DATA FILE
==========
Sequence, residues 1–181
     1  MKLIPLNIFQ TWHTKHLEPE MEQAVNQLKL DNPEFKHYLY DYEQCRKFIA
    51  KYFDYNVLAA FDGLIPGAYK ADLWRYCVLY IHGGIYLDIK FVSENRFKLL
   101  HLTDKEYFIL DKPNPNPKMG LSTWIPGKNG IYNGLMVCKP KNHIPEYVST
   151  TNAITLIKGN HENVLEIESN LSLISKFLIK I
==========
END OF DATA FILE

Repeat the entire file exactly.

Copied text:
Sequence, residues 1–181
     1  MKLIPLNIFQ TWHTKHLEPE MEQAVNQLKL DNPEFKHYLY DYEQCRKFIA
    51  KYFDYNVLAA FDGLIPGAYK ADLWRYCVLY IHGGIYLDIK FVSENRFKLL
   101  HLTDKEYFIL DKPNPNPKMG LSTWIPGKNG IYNGLMVCKP KNHIPEYVST
   151  TNAITLIKGN HENVLEIESN LSLISKFLIK I